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Hugelkultur!

A german word pronounced “Hoo-gul-culture”, means hill culture or hill mound. It’s something that I have learned through my permaculture studying and we’ll be applying to our gardening this year. It’s a pretty simple technique that will bring years of self-sustaining gardening.

In a nutshell, its a raised garden bed over decomposing logs. You gather sticks, logs, fallen trees etc and pile them. After you have gathered and piled what you are satisfied with, cover it with soil and compost. Now you can let it sit for awhile, or you can directly plant in it. As time goes on, the wood beneath the pile continues to decompose and releases it’s nutrients back to the plants that are living above it rather than into the water and ground. It also creates air pockets for the roots of the plants as well as retains water for longer periods of time resulting in less water costs. It is said that hugelkultur beds can be set up anywhere, even the dessert and maintain a healthy and thriving garden.

hugelkulturraisedbed
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Not only does it have such good benefits for the garden with all the nutrient rich organic material, it’s great for your land. Instead of hauling logs off to a dump or having someone come chip up all your trees, you can use them and the amazing nutrient resource they are and not have any waste. People¬†have made them right over a fallen tree or even stumps that are left in the ground! The larger your bed, the more self-sustainable your bed will be! Beds that are 6ft or higher can go almost an entire summer without watering. However even 2-3ft high beds can go about 3 weeks. Some people have even started small and added on another foot each growing season. It’s a very flexible system wth great rewards.

There are certain trees you don’t want to use such as Black Walnut (toxic to other plants), Black Locust does not rot (takes decades to decompose) and Cherry is too toxic to animals. If you have already decomposing logs, those are even better! While clearing our land we found several downed trees already in a state of decomposition. Along with that you brig all the beneficial bugs and microbes that are found in really good soil!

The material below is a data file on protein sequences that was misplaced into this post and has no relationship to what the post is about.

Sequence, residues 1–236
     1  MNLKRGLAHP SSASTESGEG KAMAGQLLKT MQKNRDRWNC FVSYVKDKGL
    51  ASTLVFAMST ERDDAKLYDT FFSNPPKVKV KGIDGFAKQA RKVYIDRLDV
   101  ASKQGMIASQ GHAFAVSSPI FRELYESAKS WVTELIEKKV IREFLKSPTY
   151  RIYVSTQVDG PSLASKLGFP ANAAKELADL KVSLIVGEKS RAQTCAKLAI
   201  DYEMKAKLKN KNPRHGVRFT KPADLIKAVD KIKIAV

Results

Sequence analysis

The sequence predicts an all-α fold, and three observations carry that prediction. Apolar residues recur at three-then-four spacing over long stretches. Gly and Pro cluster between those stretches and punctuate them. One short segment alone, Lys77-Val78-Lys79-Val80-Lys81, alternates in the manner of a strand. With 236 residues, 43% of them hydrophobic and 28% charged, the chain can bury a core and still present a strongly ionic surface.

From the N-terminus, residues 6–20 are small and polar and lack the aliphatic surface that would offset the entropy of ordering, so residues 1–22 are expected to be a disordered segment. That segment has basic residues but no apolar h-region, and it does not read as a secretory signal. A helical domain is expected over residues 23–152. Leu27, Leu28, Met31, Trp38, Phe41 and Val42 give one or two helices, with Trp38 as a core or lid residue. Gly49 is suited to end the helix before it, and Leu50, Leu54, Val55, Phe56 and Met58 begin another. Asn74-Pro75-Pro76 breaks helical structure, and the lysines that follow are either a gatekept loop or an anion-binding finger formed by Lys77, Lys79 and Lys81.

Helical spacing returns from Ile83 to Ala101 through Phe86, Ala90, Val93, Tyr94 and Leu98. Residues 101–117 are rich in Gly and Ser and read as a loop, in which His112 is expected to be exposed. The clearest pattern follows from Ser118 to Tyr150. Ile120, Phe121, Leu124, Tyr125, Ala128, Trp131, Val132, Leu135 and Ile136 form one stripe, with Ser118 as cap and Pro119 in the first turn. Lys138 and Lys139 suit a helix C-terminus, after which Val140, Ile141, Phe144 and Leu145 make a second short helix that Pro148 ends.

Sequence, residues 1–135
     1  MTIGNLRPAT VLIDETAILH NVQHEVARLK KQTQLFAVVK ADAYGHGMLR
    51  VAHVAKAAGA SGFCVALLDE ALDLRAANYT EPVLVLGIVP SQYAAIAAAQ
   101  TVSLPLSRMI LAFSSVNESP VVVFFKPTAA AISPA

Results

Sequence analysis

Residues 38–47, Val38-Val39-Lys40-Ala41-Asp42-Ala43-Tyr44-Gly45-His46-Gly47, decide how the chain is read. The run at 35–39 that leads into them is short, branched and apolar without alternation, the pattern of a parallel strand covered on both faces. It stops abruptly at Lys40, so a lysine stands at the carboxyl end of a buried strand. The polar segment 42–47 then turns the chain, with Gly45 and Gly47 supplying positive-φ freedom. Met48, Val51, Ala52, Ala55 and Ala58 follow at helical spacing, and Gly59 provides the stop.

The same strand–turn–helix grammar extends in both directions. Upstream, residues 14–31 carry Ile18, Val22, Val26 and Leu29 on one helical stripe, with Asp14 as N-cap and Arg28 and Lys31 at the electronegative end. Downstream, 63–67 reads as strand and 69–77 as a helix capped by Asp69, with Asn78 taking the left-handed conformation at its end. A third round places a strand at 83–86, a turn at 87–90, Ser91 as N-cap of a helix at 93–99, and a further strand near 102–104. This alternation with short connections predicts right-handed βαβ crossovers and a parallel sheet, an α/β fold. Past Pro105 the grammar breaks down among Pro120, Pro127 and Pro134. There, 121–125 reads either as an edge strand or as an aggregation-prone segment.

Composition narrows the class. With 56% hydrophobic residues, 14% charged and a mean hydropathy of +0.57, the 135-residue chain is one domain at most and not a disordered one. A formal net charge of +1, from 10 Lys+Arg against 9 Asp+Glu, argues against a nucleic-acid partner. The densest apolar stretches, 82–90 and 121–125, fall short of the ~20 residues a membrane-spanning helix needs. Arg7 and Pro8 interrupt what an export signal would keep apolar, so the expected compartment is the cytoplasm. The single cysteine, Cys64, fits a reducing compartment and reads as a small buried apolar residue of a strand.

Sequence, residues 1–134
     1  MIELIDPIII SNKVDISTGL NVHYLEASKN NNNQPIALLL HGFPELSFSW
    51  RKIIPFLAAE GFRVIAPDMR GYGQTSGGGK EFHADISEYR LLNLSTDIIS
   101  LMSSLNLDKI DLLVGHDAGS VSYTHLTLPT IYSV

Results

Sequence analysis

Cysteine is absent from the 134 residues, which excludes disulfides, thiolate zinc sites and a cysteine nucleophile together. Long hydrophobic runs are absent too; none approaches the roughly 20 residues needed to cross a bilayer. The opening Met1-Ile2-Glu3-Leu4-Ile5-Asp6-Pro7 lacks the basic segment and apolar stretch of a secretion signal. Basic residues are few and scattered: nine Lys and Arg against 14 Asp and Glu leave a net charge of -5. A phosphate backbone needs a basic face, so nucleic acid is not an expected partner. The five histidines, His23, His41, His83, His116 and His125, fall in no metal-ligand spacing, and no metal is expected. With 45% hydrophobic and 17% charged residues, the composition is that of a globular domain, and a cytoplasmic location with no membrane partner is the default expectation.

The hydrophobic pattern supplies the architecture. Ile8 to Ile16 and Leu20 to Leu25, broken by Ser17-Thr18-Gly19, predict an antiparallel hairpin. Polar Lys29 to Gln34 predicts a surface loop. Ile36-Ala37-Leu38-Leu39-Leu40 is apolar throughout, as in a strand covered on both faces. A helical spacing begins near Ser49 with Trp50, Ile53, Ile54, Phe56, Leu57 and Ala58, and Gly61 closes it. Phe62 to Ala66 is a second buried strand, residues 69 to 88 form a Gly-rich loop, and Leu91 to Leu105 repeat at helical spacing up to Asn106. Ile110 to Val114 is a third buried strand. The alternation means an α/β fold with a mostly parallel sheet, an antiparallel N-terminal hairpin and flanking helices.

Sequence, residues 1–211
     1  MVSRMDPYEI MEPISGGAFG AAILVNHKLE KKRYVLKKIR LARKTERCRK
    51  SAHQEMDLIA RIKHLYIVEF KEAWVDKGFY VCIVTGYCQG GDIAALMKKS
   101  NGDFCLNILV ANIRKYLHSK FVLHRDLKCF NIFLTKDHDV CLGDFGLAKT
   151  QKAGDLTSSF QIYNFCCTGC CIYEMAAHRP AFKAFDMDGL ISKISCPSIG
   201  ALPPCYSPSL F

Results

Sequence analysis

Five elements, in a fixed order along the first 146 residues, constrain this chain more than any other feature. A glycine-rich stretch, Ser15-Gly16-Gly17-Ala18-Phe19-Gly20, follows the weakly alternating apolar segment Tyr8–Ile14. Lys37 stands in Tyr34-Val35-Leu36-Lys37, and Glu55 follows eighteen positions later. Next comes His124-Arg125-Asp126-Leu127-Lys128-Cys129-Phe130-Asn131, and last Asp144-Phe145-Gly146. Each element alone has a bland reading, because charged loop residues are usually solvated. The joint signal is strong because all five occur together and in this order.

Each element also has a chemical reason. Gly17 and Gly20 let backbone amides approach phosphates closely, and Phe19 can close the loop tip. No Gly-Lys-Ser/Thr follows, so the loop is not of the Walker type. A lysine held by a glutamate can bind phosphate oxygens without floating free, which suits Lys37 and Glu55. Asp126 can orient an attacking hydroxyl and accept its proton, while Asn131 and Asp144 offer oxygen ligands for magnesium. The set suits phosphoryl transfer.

I’ve posted a couple pictures here of a small one we started. We have a lot of limbs and branches from our land being just cleared so we decided to start a small bed and plant a few little things until we get to spring. We’ll be added to it and making it much bigger over time. In the back you can see cardboard down, that is the start of our guilds under our two plum trees. (both are off to the left and right of the picture) We put cardboard down to kill the grass and we’ll be adding more limbs and then soil/compost on top. Since we won’t be planting in them right away, we’ll put wood chips and leaves on top as covering to protect the soil and give it nutrients in preparation for spring.

I would greatly encourage you to look up hugelkultur and permaculture as well to learn all the amazing benefits. It’s like your own little eco system in your yard. All of the plants work in harmony with each other with their own specific jobs. (Nitrogen fixer, compost/mulcher, pest deterrent, some pull up nutrients, cover crops, pollinators, etc) Much like we should be in community, all working together in harmony with our specific talents and gifts!
We are excited to gain knowledge through this journey! We’ll be sharing how our hugelkulture bed is doing in a few weeks!

hugel3
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Logs piled up, ready for soil!

 

hugel1
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We had an excess of soil since the machine roughed it all up. Nice soil that has been covered for years!

 

Adding compost! More to be added then plants go in!
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Adding compost! More to be added then plants go in!

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